The Daily Telegraph
Rees-mogg’s nannying might help take the heat out of the energy crisis
Encouraging the public to turn down thermostats to curb demand for gas and electricity may be effective
When Jacob Rees-mogg becomes the voice of reason, the world really has turned on its axis. Yet, on one subject of major public concern, the new Business Secretary seems to be preparing some sensible advice rather than bait for his political enemies.
Rees-mogg is reportedly preparing to throw the Government’s weight behind a national campaign to encourage people to turn down their boilers and take other steps to curb demand for gas and electricity. It’s the sort of nannying that in normal times repels swathes of the population, and a Conservative administration would normally run a mile from. Rees-mogg himself advertises the credo: “I’m all for nannies, but not the nanny state.”
Libertarian Liz Truss, too, pledged to scrap Boris Johnson’s proposals for a ban on “buy one, get one free” deals on unhealthy products in the early days of the leadership contest, as well as levies on food laden with fat, sugar or salt.
Most Conservative voters detest the state micro-managing their lives. Such illiberal nagging has been repackaged as “nudge theory” in recent years, but has become no more popular on the Right. Yet these are extraordinary times in the energy market and there is good evidence that public messaging campaigns can be highly effective in curbing demand.
In California, blackouts have been prevented by text messages that ask households and businesses to curtail consumption during peak hours, according to the grid operator.
With the Golden State’s power supply pushed to the brink by air conditioners during record-breaking temperatures, officials were forced to take drastic action this week. Governor Gavin Newsom pressed the button on an emergency alert system for the first time, sending a message to 27m mobile phones urging everyone to turn-off or reduce non-essential power.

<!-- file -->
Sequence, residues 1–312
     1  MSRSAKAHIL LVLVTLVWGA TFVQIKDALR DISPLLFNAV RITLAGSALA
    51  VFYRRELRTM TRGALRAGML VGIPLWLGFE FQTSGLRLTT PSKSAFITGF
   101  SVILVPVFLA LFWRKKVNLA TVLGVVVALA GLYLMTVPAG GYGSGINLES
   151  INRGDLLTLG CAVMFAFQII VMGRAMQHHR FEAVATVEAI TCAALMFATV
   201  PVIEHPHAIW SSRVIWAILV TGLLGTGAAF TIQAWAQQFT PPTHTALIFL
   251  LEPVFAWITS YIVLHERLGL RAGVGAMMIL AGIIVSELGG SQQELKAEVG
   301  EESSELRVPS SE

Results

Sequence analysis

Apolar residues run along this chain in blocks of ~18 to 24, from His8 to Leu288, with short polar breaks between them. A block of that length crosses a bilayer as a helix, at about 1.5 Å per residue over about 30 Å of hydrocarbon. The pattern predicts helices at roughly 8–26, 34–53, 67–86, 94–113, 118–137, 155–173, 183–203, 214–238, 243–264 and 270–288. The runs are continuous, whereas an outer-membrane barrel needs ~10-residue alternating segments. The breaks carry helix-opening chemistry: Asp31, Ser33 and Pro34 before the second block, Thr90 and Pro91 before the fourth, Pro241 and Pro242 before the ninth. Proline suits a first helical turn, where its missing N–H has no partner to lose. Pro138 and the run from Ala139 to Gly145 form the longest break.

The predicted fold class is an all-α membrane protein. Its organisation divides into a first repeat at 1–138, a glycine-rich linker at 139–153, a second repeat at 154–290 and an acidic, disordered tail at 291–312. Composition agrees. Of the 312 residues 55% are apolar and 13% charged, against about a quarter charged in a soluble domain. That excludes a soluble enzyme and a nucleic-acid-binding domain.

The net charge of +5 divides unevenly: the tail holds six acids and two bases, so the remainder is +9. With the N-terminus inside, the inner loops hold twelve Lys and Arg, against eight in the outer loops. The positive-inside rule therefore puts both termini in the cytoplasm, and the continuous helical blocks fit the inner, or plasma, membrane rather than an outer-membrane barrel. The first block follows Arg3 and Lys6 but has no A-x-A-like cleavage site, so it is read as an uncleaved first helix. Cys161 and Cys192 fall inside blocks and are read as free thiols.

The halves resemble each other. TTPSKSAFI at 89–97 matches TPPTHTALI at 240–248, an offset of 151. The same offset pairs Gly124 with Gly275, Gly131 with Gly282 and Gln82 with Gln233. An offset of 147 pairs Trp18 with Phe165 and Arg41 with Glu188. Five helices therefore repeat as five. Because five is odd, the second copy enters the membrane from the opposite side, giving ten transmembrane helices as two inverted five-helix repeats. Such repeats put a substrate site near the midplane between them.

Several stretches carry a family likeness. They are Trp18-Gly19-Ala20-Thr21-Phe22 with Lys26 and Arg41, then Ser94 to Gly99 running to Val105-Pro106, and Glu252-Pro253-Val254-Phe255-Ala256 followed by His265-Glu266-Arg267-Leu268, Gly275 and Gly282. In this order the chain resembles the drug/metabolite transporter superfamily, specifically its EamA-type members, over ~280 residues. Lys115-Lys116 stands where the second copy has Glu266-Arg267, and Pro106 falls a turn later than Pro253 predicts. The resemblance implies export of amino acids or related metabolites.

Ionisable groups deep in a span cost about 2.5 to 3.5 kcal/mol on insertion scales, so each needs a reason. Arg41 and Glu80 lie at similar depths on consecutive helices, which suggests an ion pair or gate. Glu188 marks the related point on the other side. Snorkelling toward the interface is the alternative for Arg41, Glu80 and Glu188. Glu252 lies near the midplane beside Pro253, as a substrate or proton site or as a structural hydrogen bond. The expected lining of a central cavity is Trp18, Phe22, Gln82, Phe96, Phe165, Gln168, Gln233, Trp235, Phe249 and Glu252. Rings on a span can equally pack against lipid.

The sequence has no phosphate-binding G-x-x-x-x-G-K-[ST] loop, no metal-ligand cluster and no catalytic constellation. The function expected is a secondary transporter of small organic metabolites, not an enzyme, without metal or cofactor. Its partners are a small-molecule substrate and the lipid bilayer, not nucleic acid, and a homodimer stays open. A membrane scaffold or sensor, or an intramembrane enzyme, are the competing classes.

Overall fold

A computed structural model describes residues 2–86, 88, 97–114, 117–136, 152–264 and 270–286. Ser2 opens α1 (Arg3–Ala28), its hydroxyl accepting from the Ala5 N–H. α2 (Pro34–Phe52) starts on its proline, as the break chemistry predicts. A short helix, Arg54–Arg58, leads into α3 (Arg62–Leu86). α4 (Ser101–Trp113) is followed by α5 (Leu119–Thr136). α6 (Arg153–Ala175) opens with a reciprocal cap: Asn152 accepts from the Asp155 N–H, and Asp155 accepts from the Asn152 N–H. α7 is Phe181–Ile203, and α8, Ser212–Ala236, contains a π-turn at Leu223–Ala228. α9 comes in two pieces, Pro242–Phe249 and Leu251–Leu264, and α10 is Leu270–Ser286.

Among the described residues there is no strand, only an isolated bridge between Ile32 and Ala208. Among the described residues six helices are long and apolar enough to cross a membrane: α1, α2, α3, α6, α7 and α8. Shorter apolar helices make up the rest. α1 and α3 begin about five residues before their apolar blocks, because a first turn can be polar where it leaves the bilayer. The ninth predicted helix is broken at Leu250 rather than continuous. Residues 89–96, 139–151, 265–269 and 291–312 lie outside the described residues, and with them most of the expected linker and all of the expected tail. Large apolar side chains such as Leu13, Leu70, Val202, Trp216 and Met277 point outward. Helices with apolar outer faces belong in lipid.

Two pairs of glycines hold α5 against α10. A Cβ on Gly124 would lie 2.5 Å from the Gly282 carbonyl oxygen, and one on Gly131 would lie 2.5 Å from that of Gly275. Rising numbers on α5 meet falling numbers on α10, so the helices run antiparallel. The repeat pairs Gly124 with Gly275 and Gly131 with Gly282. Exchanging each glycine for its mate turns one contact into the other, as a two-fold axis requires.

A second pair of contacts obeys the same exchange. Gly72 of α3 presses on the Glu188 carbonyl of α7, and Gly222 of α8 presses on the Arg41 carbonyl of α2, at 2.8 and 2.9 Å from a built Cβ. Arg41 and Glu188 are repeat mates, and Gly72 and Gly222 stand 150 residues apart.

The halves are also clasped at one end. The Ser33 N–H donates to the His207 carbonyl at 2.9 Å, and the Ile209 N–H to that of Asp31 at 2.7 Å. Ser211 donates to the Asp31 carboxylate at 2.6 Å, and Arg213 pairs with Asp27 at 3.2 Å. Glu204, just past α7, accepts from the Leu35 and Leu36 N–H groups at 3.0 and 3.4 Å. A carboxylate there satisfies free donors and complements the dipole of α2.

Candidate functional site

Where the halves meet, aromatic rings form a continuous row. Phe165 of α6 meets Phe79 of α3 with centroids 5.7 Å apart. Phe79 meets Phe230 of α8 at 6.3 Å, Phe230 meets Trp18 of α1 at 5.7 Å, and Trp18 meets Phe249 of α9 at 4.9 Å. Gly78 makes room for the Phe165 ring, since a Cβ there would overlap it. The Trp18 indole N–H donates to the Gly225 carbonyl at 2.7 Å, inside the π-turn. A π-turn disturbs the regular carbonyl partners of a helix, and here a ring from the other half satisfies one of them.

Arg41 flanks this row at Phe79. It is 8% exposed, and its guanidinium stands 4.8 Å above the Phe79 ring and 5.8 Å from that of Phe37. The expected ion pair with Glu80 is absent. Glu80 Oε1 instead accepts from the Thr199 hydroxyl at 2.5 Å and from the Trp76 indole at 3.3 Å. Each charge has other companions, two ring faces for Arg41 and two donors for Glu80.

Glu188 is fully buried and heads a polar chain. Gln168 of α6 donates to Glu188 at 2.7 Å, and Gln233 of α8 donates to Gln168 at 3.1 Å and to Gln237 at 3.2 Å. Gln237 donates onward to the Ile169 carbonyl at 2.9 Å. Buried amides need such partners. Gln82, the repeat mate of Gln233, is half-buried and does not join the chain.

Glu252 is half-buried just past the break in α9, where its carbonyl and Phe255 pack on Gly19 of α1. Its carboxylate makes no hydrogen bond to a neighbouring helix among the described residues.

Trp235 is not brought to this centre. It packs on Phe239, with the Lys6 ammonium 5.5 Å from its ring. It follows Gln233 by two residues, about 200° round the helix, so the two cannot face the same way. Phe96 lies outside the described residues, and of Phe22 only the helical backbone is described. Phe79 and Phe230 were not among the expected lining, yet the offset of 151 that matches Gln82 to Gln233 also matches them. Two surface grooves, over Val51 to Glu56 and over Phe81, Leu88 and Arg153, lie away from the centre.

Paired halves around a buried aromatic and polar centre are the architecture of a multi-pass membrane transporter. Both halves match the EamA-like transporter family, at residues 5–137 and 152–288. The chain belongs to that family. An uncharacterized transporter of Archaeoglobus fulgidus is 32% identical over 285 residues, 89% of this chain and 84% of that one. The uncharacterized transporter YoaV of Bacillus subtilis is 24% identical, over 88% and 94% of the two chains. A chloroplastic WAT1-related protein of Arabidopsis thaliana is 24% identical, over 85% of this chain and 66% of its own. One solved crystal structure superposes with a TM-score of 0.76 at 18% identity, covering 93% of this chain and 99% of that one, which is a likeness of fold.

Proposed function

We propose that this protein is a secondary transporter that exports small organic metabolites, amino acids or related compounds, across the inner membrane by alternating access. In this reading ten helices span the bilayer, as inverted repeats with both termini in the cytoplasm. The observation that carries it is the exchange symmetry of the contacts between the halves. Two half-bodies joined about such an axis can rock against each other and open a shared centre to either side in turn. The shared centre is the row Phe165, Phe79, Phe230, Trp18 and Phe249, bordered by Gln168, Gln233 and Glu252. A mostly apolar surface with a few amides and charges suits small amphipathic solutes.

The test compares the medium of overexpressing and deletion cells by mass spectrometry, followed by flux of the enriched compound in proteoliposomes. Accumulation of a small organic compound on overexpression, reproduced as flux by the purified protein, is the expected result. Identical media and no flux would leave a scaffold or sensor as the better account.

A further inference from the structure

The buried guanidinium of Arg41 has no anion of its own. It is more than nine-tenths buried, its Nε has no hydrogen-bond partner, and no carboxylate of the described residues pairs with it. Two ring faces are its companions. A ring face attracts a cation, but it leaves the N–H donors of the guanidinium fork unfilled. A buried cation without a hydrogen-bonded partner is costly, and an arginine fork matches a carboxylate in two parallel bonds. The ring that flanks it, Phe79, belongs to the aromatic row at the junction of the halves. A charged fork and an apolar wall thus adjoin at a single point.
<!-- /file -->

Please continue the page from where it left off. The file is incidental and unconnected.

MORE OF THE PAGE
Within moments, there was a reduction of more than 2,000 megawatts, which in the UK would be enough to power 4m homes for an hour. Elliot Mainzer, the boss of California’s national grid, said the state was brought “back from the edge”.
Rees-mogg’s apparent enthusiasm for such gentle, yet effective, measures is encouraging. Ministers repeatedly resisted whenever Boris Johnson suggested that policies to reduce energy demand might help ease the cost of living squeeze. Blackouts or rationing would be much worse.
After Truss’s massive bailout for households and businesses this week, a public information campaign cannot come soon enough. The concern among energy bosses is that in standing full-square behind prices with a freeze, there is no incentive at all for people to exercise constraint.
Instead, some may wrongly see it as a signal to turn the thermostat up or leave the lights on unnecessarily if they think someone else is going to shoulder the cost. The threat to the taxpayer and the public finances is real. The risk, therefore, is that with gas prices expected to remain high by tight supply, the crisis will actually be prolonged by Britain spending an astonishing 5pc of its GDP trying to solve it. What a colossal waste of money that would be, even from a Government that turned extreme levels of public spending into an art form under Johnson.
Britain’s energy consumption has historically tended to be above the EU average, while our homes are among the most inefficient on the Continent.
With Switzerland considering jail sentences and fines for those that raise the thermostat above 19 degrees, is it too much to expect UK households to make some small changes to their daily habits? Research suggests that turning down your boiler doesn’t affect the warmth of your home, while the obvious way to encourage constraint at peak times is to reward frugality with larger discounts. Anti-poverty campaigners and charities tend to dislike what they see as scapegoating or blame-shifting because it can put the most vulnerable at risk.
But there’s a difference between the sort of trivial measures that some tone-deaf energy suppliers were mocked for, such as putting an extra-thick jumper on, and those that can actually make a difference but don’t put people at risk.
‘Massive bailout has raised concerns that price freeze means there is no incentive at all to exercise constraint’